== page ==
More Than 15,000 Petition Iran’s Judiciary to Free Prominent Teachers’ Rights Activist
“Mr. Abdi is not a thief, murderer, drug dealer, embezzler, foreign spy or traitor to his country,” said the petition addressed to Judiciary Chief Sadegh Larijani. “He is a trade union activist elected by the teachers of Tehran according to the laws and regulations of the Islamic Republic of Iran.”
“Mr. Larijani! The teachers of Iran expect you will take the necessary step to free Mr. Abdi as soon as possible,” continued the petition.
A source close to the activist told the Center for Human Rights in Iran (CHRI) on May 24 that Abdi’s health has recently deteriorated from his hunger strike, but officials have not responded to his condition.
“If something happens to my client, I will hold the judiciary chief, the Supreme Court, the prosecutor general, the Tehran prosecutor, the head of the Prisons Organization, the Intelligence Ministry and all other security agencies responsible for his life,” Abdi’s lawyer, Amir Salar Davoudi, told CHRI on May 3 after Abdi was hit with a severe drop in blood pressure and vertigo.
In a letter announcing his hunger strike on April 30, Abdi said he would continue to refuse food “until my case is investigated in a normal way outside the security apparatus.”
Abdi, the former secretary general of the Iranian Teachers’ Trade Association, has been on hunger strike in Evin Prison in Tehran since April 30, 2017 for demanding an end to the prosecution of peaceful trade union activists on national security charges.
The semi-official Iranian Labor News Agency (ILNA), which reported the delivery of the petition on May 24, also quoted a reformist member of Iran’s Parliament stating that she was following up on Abdi’s case.
“We are trying to resolve the issues concerning activist teachers through talks with the judicial branch,” said MP Fatemeh Saeedi after meeting with a group of teachers seeking support for Abdi’s freedom.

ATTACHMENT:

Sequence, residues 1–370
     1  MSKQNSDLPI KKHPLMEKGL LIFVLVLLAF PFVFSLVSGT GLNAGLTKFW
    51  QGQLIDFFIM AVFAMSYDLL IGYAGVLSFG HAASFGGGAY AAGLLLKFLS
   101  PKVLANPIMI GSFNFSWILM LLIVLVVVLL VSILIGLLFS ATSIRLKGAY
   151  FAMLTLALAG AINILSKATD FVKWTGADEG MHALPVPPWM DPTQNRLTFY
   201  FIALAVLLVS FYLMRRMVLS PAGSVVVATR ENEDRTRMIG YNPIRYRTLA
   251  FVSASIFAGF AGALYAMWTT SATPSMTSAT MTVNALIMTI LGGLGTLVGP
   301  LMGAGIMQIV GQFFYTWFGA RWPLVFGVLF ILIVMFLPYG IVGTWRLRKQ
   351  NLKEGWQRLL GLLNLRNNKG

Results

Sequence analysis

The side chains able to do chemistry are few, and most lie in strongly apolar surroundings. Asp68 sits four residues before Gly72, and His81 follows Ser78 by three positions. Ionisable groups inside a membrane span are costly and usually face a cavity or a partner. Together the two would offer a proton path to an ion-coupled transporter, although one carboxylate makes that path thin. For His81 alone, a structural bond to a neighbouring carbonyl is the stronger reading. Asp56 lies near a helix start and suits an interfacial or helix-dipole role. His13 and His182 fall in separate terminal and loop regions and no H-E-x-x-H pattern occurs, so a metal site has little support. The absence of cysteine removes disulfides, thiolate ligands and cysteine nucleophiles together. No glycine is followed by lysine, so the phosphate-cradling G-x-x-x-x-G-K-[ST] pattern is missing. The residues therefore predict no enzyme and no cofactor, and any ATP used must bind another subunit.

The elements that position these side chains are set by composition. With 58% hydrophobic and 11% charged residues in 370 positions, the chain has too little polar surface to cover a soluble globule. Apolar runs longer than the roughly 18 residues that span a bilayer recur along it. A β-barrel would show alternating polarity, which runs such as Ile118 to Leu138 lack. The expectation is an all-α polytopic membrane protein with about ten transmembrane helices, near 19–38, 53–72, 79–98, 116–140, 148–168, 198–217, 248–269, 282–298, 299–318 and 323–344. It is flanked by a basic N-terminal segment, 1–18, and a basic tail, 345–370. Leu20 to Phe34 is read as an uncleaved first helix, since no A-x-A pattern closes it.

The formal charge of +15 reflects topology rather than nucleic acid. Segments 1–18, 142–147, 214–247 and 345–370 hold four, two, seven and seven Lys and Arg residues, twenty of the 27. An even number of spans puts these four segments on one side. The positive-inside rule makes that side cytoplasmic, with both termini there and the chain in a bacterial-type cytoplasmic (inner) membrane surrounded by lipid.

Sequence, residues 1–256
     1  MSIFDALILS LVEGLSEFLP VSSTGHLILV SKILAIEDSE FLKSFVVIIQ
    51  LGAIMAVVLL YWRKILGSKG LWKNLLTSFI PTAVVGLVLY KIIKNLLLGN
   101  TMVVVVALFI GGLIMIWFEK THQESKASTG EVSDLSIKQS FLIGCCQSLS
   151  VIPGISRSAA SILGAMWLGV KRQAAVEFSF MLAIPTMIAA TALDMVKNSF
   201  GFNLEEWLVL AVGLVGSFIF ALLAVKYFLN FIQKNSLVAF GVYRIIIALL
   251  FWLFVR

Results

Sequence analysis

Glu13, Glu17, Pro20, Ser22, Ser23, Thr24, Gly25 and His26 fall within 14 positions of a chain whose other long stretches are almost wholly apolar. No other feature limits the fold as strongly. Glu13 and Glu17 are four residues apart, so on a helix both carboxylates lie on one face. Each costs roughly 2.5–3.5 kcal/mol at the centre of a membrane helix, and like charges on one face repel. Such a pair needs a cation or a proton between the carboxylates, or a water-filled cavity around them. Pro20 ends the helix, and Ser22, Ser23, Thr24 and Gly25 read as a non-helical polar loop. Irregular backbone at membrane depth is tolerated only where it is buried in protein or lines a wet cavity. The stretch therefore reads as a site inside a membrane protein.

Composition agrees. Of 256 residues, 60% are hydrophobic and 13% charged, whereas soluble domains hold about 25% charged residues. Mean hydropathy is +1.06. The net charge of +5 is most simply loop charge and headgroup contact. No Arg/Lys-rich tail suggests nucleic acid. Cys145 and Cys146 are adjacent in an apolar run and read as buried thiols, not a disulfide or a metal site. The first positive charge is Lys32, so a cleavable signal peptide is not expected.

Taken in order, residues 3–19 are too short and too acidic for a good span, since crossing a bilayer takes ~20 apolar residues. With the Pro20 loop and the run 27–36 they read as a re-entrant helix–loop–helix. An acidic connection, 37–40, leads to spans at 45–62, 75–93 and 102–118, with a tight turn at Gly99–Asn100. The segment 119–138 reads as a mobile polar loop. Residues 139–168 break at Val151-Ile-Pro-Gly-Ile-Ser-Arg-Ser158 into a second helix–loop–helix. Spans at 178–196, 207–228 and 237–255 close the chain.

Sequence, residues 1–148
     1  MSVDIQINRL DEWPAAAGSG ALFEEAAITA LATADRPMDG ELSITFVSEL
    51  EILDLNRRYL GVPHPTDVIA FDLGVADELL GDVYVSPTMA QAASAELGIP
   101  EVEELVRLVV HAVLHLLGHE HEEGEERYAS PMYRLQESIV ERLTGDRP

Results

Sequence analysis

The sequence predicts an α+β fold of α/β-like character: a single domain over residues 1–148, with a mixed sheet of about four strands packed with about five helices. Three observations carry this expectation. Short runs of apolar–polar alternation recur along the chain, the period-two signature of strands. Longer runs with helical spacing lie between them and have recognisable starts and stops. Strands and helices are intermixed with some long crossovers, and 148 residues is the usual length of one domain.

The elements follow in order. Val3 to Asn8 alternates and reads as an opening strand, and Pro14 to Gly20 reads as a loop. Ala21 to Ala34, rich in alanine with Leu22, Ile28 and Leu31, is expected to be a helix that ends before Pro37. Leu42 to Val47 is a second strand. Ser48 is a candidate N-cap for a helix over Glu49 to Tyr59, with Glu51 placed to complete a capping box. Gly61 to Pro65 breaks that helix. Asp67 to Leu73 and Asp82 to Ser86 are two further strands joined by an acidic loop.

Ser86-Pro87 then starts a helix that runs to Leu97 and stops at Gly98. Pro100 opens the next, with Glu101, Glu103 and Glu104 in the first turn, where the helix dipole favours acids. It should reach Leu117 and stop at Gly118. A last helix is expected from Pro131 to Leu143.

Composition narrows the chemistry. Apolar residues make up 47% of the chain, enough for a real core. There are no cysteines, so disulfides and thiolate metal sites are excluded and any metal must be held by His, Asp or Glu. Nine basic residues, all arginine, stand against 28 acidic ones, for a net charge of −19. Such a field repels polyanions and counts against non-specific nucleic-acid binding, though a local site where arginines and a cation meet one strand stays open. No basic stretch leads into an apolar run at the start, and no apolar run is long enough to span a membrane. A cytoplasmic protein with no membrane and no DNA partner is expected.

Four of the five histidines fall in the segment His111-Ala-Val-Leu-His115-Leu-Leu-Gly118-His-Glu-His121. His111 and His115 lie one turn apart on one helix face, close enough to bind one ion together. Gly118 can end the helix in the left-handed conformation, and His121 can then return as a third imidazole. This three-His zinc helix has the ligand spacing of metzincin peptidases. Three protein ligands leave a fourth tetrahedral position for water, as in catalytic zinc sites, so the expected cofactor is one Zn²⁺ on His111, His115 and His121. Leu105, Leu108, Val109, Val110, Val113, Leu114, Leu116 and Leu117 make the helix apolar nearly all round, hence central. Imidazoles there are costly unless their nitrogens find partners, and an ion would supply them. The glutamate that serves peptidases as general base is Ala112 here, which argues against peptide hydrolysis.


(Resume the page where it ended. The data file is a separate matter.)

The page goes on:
In November 2016, Abdi began serving a six-year prison sentence for “propaganda against the state” and “collusion against national security” for his peaceful activism in support of labor rights.
An Appeals Court in Tehran upheld the sentence in October 2016 following pressure from the Islamic Revolutionary Guard Corps (IRGC).
“Amidst deafening calls from officials for the rule of law, democracy, human rights and civil liberties in the post-nuclear deal (2015) era, we are witnessing the arrest of board members of teachers’ guilds and independent workers’ organizations, who are put on trials that last a few minutes and condemned on the basis of identical charges such as ‘acting against national security’ and ‘propaganda against the state,’” wrote Abdi in his letter announcing his hunger strike.
On May 22, one of Iran’s largest independent trade unions welcomed the acquittal of Jafar Azimzadeh and Shapour Ehsani-Rad, two prominent labor activists who had been issued long prison sentences for their peaceful advocacy of labor rights.
“The Appeals Court’s decision finding them innocent is an important victory in the just struggle of the Iranian workers and a step forward in the fight against accusing trade union activists and civil rights workers of national security crimes,” said the Free Workers Union of Iran (FWUI) in its statement. “We expect that the decision by Branch 8 of the Central Province Appeals Court will become the standard in all other courts in the country.”